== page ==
Every rider knows what it feels like to ride a spooky horse. Or perhaps you have a “bomb proof” horse, except when it spots its bête noire, perhaps a pile of leaves that weren’t there yesterday or a particularly terrifying orange tractor.

Horses spook for myriad known and expected, as well as equally unknown and unexpected. reasons. They are, after all, prey animals with a strong flight response.

But if you’re an Olympic show jumping equestrian you might reasonably expect that if you’ve reached the top of the sport, your mount should be, shall we say, immune to spooky jumps?

No so at this summer’s Olympic Games in Tokyo where obstacle No. 10 on the show jumping course became what is known as the “bogey” fence. The culprit specifically was a life-size crouching statue of a sumo wrestler at the base of the vertical.

Sumo wrestlers are known for their body mass and for wearing only a mawashi, or loincloth, to cover their privates. Turns out that sumo wrestlers are not the preferred teammate for equines. Several horses balked, spooked, or out-and-out refused to jump No 10.

(FEI/Christophe Taniére)

“As you come around, you see a big guy’s [butt],” British equestrian Harry Charles told NBC News, who covered the event.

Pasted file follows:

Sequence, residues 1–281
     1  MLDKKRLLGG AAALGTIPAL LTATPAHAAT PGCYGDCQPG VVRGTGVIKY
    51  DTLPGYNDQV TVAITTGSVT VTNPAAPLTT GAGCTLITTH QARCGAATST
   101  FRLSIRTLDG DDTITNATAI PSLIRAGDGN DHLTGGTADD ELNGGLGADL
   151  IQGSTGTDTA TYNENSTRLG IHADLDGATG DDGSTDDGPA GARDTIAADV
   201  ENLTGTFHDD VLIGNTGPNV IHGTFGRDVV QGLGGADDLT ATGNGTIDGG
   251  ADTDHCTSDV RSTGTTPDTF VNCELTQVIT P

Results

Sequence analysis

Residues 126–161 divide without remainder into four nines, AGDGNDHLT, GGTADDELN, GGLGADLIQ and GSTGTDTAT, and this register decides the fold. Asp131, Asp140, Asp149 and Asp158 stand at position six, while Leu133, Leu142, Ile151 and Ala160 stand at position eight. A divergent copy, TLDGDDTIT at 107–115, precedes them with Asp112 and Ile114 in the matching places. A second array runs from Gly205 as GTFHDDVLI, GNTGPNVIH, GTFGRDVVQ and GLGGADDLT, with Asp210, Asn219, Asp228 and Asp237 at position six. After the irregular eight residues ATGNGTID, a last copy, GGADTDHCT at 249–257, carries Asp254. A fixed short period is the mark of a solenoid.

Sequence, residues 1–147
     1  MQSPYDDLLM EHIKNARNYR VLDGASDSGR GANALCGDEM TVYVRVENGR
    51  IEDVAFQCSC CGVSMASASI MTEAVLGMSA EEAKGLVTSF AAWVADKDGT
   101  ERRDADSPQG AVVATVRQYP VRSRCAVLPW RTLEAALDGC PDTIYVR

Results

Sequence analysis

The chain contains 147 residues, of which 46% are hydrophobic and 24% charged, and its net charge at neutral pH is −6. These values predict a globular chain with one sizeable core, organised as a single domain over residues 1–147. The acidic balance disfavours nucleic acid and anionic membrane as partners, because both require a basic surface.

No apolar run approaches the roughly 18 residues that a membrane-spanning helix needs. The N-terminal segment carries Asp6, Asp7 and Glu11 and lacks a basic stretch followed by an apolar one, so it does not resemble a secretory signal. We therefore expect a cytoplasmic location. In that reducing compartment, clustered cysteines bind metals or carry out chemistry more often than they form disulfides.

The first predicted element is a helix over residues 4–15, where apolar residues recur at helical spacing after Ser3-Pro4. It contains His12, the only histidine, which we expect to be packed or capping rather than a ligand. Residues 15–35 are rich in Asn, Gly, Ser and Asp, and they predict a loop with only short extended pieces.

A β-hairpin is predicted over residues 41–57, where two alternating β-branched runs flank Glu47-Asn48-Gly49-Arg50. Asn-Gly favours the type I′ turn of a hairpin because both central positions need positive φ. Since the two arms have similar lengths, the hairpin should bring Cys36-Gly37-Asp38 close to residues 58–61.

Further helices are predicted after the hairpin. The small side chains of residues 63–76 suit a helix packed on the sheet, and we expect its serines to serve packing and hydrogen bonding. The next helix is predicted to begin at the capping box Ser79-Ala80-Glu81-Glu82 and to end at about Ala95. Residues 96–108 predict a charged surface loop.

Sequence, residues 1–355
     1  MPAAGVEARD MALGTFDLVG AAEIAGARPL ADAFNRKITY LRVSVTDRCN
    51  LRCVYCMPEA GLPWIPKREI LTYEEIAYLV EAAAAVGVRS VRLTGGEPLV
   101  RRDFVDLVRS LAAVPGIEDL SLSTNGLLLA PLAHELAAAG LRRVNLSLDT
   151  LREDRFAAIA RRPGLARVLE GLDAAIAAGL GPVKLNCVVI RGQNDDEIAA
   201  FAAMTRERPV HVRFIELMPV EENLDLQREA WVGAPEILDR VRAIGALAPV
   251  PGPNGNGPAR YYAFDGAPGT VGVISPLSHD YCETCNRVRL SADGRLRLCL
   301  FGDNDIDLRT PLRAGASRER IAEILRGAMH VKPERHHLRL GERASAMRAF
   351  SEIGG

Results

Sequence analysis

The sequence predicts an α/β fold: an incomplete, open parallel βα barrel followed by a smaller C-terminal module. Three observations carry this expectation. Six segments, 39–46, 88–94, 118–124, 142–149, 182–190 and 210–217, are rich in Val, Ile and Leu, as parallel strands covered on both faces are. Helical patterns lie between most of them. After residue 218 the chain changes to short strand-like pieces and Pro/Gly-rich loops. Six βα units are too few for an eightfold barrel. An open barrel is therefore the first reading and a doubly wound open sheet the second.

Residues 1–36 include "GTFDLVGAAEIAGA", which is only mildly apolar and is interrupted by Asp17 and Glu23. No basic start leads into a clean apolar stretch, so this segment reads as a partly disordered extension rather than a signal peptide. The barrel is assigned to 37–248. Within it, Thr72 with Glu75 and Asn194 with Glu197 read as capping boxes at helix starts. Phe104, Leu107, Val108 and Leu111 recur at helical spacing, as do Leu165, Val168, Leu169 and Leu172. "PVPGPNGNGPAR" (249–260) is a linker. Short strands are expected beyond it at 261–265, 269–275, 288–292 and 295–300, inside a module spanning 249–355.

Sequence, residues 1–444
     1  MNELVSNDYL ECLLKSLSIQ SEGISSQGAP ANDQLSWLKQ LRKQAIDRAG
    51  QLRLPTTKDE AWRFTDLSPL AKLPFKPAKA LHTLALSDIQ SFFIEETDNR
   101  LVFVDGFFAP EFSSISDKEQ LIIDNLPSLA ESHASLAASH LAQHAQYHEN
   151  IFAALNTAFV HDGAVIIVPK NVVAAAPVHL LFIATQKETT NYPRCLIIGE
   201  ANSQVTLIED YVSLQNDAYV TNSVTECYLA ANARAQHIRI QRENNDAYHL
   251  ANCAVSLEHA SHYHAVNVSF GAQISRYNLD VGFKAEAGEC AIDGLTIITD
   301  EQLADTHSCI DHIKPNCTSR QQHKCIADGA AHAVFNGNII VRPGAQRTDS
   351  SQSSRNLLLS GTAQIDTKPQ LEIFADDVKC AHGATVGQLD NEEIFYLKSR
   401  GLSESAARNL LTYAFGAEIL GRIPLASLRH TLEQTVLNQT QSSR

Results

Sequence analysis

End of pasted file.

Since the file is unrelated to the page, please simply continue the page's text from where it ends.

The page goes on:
Ireland’s Cian O’Connor also remarked wryly, “There’s a lot to look at.”

The concept of a bogey fence is nothing new to show jumping. One of the most notoriously difficult obstacles was the innocuous-looking bicycle jump at Spruce Meadows. The bicycle fence proved to be the undoing of so many horses that several riders admitted to building their own replica at home to practice over.

In Tokyo, after seeing other riders having difficulties with the sumo dude, others who went later in the field made sure to trot their horses past the fence for a good glimpse before starting the course.

Regardless of the ability of world-class riders to overcome a bogey fence, the offending sumo wrestler jump and a thick patch of cherry trees (that were also blamed for causing horses to spook) was removed prior to the team event. According to course designer Santiago Varela, he planned on removing them anyway before the riders expressed their concerns.

But the Olympics are all about sportsmanship and as Britain’s Scott Brash declared of the sumo fence sitter, “You expect it in the Olympic Games… You know it’s going to be decorative. And it’s beautiful… That’s what makes it a championship. If it was just plain old jumps, it’d be just like any other week.”